Contamination Identification

A visual inspection is the most important initial step in identifying a possible contamination problem. The extent of any water damage and mold growth should be visually assessed. This assessment is important in determining mold remediation strategies.

Ventilation systems should also be visually checked, particularly for damp filters, but also for damp conditions elsewhere in the system and overall cleanliness. Ceiling tiles, gypsum wallboard, cardboard, paper and other porous surfaces should be given careful attention during a visual inspection.

The use of special equipment to view spaces in ductwork or behind walls, and/or by using a moisture meter to detect moisture in building materials, may be helpful in identifying hidden sources of mold growth and the extent of water damage.

Mold Remediation

The EPA's remediation guide for schools and commercial buildings offers detailed recommendations for a variety of mold removal scenarios and is a tremendous resource for anyone facing a mold problem.

Mold should be cleaned as soon as it appears. Small areas of mold can be cleaned using a detergent/soapy solution or an appropriate household cleaner and allowed to dry completely. For larger areas, there are commercial products that can be used for cleaning, disinfecting and sanitizing. Mold-resistant coatings are also available. A HEPA vacuum can be used to clean items such as furniture, concrete, carpeting or books after the material has been thoroughly dried.

For small areas of mold growth, an N95 respirator, goggles and gloves should be worn during cleaning. For larger mold remediation jobs, or in situations where high levels of airborne dust or mold spores are likely or long-term exposures are expected, the EPA suggests a full-face, powered air purifying respirator (PAPR) along with disposable coveralls, gloves and shoe covers. The cleaned area should be thoroughly dried. Dispose of any sponges or rags that were used to clean the mold, along with the used personal protective equipment (PPE).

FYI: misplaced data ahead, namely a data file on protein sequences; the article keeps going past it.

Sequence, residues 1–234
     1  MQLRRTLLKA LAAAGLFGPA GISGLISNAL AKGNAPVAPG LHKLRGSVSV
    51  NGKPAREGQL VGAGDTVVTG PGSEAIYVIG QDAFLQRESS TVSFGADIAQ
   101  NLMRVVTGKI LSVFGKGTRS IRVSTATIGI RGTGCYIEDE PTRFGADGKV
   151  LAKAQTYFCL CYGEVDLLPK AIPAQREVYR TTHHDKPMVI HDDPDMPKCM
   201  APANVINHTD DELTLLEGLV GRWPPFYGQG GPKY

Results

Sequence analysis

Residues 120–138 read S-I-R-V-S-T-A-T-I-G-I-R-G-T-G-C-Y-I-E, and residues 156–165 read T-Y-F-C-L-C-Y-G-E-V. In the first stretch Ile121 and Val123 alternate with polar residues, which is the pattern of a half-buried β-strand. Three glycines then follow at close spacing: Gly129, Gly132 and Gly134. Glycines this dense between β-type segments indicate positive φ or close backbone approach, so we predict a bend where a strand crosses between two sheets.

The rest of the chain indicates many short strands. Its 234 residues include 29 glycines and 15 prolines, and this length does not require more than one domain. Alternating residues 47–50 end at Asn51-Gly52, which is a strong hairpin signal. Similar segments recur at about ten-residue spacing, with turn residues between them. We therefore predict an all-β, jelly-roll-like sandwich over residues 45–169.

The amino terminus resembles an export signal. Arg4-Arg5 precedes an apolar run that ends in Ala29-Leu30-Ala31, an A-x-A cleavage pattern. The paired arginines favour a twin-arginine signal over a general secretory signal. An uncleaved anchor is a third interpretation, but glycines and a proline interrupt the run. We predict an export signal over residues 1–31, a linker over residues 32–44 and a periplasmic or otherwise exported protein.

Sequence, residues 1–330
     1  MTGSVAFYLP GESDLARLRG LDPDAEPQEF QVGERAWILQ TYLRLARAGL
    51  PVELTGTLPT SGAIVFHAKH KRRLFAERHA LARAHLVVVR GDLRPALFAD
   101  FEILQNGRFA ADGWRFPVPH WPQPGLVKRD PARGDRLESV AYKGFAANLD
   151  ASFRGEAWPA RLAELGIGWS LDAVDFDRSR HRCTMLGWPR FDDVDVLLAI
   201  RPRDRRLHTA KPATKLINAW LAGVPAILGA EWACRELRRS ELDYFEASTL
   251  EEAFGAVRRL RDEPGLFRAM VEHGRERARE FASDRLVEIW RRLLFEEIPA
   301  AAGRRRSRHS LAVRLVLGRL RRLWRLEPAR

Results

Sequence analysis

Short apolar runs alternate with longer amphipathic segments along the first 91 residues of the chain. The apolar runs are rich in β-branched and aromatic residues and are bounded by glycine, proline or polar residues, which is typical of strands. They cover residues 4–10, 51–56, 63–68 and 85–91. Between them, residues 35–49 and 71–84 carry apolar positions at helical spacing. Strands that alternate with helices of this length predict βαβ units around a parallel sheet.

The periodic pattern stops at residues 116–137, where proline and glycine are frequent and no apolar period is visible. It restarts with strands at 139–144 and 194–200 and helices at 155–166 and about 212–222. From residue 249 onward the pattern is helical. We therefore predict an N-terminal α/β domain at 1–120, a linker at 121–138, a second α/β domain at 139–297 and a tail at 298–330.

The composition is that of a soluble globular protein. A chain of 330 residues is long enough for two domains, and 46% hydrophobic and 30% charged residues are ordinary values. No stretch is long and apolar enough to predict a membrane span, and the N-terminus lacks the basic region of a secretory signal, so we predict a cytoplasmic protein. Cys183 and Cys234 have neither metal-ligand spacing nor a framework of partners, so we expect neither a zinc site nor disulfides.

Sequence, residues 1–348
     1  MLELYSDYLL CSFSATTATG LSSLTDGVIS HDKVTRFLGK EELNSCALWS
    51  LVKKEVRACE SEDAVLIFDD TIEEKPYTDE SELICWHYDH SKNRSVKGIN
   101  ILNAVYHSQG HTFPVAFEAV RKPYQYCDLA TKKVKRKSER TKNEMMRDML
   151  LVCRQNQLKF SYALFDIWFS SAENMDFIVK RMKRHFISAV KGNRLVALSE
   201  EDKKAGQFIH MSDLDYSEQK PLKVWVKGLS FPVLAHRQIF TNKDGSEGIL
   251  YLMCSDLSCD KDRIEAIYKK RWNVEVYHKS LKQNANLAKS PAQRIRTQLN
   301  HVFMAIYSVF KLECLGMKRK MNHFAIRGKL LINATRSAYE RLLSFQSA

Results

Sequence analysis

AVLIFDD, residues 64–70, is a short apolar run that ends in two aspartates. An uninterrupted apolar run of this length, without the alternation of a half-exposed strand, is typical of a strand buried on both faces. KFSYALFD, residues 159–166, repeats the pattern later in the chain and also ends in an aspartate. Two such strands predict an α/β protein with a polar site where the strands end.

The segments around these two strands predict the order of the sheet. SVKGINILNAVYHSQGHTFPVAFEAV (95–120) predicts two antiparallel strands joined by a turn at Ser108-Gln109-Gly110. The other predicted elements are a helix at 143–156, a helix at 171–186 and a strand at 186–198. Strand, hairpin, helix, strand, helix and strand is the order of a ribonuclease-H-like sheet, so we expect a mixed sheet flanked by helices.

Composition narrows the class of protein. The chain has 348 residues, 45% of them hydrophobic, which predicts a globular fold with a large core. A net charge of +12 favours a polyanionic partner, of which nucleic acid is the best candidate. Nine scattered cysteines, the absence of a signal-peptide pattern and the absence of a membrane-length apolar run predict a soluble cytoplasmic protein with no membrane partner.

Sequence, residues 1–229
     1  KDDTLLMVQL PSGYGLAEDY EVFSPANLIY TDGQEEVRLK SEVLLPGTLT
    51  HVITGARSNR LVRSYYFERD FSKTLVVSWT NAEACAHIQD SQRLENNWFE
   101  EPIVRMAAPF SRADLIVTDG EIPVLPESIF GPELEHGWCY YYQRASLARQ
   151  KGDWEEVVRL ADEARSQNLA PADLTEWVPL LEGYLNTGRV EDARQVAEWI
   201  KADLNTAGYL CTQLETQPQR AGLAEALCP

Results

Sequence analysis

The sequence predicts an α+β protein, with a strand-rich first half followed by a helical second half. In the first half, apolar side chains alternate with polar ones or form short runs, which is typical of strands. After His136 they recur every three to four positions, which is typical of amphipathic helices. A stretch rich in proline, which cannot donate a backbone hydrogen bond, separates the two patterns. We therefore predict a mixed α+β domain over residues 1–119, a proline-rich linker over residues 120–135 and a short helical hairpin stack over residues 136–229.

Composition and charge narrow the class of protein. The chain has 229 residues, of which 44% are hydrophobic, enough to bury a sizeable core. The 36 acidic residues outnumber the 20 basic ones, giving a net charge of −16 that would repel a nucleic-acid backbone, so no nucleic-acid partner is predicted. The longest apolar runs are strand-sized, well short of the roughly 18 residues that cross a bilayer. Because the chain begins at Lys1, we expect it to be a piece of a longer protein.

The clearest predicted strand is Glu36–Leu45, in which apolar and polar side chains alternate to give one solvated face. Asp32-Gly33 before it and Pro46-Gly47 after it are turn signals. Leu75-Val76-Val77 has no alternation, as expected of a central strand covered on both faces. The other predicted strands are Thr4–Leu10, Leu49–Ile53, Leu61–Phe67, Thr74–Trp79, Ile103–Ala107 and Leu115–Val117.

If the mold returns quickly or spreads, it may indicate an underlying problem, such as a leak or excessive humidity. Any underlying water problems must be fixed to successfully eliminate mold problems. If mold contamination is extensive, an experienced remediation professional may need to be consulted.

 

Sources

EPA's "Mold Remediation in Schools and Commercial Buildings"

EPA's overall summary of mold related information

OSHA's guide to mold in the workplace

(Rev. 1/2012)

 

Find even more information you can use to help make informed decisions about the regulatory issues you face in your workplace every day. View all Quick Tips Technical Resources at www.grainger.com/quicktips.

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Please Note:
The content in this newsletter is intended for general information purposes only. This publication is not a substitute for review of the applicable government regulations and standards, and should not be construed as legal advice or opinion. Readers with specific compliance questions should refer to the cited regulation or consult with an attorney.